Over the past thirty years, stables have become a huge part of pro wrestling. Some of the hottest storylines in the past few decades have involved several diabolical heels coming together to present an unbeatable force, or a group of babyfaces uniting under a common banner. In the best scenarios, not only does the stable become hot, but the members become grander stars. The wrestlers with whom they work seem even greater than before, and everybody makes money.
Of course, it doesn't always turn out that way. The Corporation may have been a success when Vince McMahon grouped The Rock and other top heels together to make an army that could defend him from Steve Austin, but subsequent attempts at authority stables (like, say, The Authority) didn't work out as well. WWE has a particular acuity when it comes to crafting useless stables in general, from La Familia to The Spirit Squad to (shudder) The Alliance.
Like any other wrestling trope, the idea of the stable has been overused and diluted, but that doesn't lessen the impact when a great one comes along. There have been trailblazers who defined the paradigm and experts who redefined it, creating some very interesting magic along the way...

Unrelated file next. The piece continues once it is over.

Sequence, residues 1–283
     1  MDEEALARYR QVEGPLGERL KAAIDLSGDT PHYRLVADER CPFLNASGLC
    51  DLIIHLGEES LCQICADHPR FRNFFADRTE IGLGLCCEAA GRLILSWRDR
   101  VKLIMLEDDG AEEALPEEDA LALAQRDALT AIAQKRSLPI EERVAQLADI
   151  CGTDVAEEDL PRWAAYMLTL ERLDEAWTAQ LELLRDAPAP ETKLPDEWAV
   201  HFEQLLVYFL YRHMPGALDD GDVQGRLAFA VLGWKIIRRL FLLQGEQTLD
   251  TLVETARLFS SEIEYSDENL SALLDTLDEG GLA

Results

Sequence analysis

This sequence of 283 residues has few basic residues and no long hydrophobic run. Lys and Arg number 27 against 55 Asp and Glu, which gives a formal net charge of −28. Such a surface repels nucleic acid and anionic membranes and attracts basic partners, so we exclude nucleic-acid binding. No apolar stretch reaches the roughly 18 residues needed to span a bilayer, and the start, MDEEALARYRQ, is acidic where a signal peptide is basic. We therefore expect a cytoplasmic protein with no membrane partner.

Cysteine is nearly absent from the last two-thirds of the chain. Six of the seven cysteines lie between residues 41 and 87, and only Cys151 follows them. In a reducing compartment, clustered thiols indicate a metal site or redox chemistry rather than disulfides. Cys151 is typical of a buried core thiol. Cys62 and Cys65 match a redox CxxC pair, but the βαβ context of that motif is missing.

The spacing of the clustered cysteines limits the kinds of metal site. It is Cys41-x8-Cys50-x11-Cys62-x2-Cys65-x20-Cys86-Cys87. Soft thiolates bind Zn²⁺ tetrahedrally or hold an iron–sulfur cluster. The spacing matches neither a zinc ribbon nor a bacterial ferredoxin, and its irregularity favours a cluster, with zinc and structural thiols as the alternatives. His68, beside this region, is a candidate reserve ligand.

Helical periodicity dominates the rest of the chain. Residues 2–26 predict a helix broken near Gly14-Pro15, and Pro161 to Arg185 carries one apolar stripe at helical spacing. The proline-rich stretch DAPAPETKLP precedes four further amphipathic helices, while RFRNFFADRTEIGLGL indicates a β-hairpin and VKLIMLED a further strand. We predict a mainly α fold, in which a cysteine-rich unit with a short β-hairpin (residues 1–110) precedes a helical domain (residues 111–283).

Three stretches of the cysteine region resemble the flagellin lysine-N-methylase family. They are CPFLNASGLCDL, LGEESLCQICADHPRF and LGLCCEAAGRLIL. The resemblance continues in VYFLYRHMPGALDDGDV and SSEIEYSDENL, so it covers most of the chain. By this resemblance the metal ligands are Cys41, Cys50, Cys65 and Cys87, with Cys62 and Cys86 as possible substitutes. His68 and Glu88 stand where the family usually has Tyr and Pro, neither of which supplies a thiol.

10. The New Day
Today's WWE is a very strange place. While the company has a more talented roster than at any point in its history, the accepted philosophy of scripted interviews and cookie-cutter storylines has given the product a sanitized, homogeneous feel. As a result, fans care about fewer superstars than ever before, sending TV ratings plummeting.
The one exception to that statement, of course, is The New Day. While fans typically reserve their bit of interest for part-time stars like Shane McMahon and Brock Lesnar, The New Day is the one act in the company that has won consistent interest and popularity. Even the stars who have come in from the company with fanfare from NXT or the independent scene don't get the reaction that the WWE Tag Team Champions routinely do.
When Xavier Woods, Big E, and Kofi Kingston were first put together in an ill-defined alliance, fans rejected WWE's latest half-hearted attempt at a stable. It was the three men themselves who managed to make the unit work, turning heel and showing more personality than the rest of the roster combined.
Today, The New Day are babyfaces once again, and like The Rock years ago, the heel turn and the journey back have made them top stars.